Fostering Creative Pedagogy among Secondary Art Teacher Training Students in Taiwan: Investigating the Introduction of Possibility Thinking as a Core of Creative Pedagogy in a Workshop Intervention
Date: 20 May 2013
Thesis or dissertation
University of Exeter
PhD in Education
This study explored how a teacher-training course helped secondary art student teachers in Taiwan to develop their perceptions and practice of creativity and creative pedagogy [CPed]. A series of CPed workshop sessions, based on the Western theoretical framework of possibility thinking [PT] and its pedagogy [PTCPed], were designed to ...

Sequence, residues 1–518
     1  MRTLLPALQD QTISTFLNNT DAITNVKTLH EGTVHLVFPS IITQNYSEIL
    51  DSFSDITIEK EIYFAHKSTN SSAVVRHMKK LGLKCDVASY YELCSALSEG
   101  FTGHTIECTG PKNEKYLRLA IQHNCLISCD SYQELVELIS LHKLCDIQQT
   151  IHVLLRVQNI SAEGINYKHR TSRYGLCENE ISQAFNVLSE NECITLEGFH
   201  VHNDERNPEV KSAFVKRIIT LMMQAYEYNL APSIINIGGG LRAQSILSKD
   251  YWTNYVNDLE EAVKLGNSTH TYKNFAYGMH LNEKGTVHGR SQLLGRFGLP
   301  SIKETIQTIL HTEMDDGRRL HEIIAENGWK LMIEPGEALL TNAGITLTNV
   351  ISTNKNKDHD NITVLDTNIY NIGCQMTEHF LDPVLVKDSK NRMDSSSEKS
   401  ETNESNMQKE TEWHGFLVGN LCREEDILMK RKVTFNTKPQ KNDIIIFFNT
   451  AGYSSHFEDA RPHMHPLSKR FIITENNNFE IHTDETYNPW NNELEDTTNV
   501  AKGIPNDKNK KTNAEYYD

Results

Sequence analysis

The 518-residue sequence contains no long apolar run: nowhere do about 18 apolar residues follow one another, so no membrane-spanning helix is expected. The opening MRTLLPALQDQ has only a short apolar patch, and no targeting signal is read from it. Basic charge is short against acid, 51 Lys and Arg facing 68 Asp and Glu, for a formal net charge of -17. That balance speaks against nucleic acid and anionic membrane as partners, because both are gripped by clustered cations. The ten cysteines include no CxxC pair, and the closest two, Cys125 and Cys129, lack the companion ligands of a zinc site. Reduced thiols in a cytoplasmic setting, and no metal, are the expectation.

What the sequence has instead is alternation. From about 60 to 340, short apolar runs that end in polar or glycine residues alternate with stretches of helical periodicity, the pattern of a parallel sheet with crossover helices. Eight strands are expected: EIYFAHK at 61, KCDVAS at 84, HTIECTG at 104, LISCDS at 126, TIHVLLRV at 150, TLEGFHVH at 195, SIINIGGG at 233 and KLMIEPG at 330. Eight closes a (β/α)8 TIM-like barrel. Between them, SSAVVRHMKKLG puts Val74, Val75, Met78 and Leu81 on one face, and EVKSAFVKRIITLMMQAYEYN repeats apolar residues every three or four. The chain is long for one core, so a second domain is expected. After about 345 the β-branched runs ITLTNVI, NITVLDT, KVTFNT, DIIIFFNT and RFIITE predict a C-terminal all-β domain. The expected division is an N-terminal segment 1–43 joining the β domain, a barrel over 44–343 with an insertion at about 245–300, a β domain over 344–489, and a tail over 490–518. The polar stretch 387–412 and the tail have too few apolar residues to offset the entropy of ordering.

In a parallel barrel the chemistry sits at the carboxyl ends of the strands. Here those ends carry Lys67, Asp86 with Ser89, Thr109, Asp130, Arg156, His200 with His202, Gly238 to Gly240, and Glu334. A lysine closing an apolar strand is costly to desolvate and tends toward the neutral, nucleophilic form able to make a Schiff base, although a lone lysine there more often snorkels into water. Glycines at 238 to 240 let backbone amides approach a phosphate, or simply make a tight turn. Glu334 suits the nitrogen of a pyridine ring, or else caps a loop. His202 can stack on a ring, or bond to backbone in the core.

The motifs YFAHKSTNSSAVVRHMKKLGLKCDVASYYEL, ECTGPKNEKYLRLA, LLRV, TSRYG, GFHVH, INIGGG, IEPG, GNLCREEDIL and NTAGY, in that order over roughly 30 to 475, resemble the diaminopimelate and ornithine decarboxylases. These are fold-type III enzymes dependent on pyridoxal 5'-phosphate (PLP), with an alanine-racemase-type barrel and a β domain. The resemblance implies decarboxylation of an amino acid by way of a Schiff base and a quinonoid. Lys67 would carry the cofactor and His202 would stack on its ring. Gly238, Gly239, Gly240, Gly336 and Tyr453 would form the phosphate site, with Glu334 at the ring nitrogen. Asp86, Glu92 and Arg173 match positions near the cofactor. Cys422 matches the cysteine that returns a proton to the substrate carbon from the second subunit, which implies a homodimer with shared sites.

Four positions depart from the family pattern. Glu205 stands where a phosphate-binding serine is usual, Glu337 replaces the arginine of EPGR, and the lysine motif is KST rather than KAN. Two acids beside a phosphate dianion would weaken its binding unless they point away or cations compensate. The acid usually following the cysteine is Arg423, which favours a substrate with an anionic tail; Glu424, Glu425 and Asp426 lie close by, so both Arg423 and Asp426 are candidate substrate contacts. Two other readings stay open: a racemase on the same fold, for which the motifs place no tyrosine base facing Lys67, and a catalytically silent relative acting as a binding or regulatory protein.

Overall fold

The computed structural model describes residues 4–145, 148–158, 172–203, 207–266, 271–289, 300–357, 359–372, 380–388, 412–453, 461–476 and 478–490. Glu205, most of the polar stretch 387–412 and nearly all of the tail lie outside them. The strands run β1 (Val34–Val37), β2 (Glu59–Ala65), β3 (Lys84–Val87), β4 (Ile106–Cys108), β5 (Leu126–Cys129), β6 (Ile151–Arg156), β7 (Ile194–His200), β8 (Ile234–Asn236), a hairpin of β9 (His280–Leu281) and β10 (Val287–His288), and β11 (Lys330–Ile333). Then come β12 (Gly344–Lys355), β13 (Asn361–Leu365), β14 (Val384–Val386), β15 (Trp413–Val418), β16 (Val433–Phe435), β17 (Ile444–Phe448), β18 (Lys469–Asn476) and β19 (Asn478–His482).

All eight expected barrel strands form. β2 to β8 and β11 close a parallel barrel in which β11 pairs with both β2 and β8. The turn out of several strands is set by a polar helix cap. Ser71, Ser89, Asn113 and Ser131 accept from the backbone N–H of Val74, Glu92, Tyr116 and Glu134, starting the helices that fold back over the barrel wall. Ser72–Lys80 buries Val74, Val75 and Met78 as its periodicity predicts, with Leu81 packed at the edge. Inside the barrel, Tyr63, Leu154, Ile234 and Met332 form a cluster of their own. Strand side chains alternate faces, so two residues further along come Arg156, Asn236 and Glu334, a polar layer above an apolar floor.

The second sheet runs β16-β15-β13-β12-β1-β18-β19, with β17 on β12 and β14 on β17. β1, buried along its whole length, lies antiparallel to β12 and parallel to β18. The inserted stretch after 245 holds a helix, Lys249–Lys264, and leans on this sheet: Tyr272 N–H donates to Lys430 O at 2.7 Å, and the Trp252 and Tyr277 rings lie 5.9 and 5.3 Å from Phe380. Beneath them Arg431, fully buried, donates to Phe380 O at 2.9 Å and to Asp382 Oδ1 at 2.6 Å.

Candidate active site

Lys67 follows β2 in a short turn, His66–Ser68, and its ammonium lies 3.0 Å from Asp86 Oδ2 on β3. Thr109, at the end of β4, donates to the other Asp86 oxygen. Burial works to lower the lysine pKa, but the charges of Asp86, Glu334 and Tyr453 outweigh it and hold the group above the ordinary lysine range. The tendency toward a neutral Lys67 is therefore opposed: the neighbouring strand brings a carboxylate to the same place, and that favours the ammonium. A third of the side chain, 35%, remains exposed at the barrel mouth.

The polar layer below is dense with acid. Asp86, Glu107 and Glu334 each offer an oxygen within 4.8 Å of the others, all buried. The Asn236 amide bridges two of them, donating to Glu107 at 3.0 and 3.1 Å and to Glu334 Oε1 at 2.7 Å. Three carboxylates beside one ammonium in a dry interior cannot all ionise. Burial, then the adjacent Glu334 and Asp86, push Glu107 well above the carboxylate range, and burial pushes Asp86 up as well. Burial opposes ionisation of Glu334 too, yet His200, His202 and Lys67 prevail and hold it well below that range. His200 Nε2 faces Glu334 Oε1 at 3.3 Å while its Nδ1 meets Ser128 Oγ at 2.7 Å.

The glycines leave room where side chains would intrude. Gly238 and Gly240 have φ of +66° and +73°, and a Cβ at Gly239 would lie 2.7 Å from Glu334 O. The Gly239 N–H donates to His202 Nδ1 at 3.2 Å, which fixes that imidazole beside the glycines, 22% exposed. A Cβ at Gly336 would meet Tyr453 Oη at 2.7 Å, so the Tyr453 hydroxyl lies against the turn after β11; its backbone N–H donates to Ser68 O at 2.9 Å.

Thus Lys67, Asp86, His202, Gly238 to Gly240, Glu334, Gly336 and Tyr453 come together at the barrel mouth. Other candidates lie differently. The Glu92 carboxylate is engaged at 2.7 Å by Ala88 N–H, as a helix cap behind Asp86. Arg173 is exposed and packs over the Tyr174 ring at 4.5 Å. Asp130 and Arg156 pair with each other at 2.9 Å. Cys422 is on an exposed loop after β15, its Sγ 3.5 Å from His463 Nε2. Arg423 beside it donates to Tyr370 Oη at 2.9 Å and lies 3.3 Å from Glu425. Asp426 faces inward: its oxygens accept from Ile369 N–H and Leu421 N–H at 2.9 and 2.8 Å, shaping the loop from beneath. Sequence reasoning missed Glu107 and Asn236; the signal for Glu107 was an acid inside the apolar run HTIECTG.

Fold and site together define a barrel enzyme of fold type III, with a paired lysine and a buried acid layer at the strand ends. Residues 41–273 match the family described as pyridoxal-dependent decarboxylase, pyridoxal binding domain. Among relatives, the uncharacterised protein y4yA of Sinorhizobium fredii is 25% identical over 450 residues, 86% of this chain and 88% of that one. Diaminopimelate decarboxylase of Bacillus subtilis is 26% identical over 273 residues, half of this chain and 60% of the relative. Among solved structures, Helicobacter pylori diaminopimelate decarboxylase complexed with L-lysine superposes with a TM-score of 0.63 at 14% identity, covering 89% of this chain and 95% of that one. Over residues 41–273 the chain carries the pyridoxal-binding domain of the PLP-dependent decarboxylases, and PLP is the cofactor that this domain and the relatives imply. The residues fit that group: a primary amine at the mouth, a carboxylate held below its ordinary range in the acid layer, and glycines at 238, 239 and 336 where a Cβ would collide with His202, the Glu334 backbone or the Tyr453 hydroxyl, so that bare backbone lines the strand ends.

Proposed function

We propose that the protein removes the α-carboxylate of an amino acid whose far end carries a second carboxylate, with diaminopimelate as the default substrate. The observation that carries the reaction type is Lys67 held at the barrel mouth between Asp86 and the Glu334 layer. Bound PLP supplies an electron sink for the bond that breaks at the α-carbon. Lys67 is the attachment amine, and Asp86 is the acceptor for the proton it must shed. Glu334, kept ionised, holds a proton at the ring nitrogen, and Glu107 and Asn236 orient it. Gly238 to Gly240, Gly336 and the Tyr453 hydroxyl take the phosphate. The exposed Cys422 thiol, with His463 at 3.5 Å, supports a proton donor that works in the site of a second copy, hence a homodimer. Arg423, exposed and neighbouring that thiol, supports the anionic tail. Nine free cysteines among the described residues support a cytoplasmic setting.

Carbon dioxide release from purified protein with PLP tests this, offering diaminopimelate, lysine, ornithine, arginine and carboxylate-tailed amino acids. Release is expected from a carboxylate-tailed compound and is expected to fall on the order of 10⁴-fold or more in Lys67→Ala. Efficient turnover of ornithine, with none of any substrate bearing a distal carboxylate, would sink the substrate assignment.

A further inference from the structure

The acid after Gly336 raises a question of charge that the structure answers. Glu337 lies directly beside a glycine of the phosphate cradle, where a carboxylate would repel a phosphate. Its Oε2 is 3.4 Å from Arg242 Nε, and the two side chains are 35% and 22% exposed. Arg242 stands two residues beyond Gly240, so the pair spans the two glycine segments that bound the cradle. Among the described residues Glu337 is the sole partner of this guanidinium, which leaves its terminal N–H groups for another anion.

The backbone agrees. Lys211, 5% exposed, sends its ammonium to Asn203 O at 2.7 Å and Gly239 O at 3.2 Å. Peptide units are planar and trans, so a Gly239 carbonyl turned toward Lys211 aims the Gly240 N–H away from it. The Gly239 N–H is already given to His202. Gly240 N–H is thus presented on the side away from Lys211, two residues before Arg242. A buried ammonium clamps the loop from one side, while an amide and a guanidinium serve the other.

This study explored how a teacher-training course helped secondary art student teachers in Taiwan to develop their perceptions and practice of creativity and creative pedagogy [CPed]. A series of CPed workshop sessions, based on the Western theoretical framework of possibility thinking [PT] and its pedagogy [PTCPed], were designed to introduce to the twelve secondary art teacher training students in an arts university in Taiwan. Through adopting an action-based case study approach, qualitative data were collected from the participants’ interviews together with the reflective documents of the participants and the researcher, and any possible visual materials. Observations were also video-recorded. The analytical methods focused on both inductive and deductive approaches to explore how student teachers developed their perceptions of creativity and CPed and the possible influences in practice. Adopting the idea of “contextualising” one set of cultural values in another, a new landmark of PTCPed emerged. This study confirmed most features of PT, but found question-posing and question-responding to be intriguingly absent in the participants’ definitions of creativity (PT) and their practice of CPed; and it also, significantly, identified several emerging PT characteristics and attitudes: originality, confidence, no limitations, and problem-solving. These features were fostered by teacher’s creative teaching [CT] and learners’ creative learning [CL] in an enabling and effective context in which teachers offered the learners’ opportunities (including time, space and challenges) to develop ideas and confidence to play with the materials, prioritised learners’ agency (including individual and group activities), and stood back to offer freedom, and at the same time moved step forward to observe the learners’ engagement and check when to offer help. Finally, this study also highlighted the implications for the practice in the Taiwanese initial art teacher education [IATE], in which teacher educators are suggested to appreciate this complexity, and to understand and allow student teachers to interact with different perspectives or approaches when interpreting their pedagogy through reflective practice.
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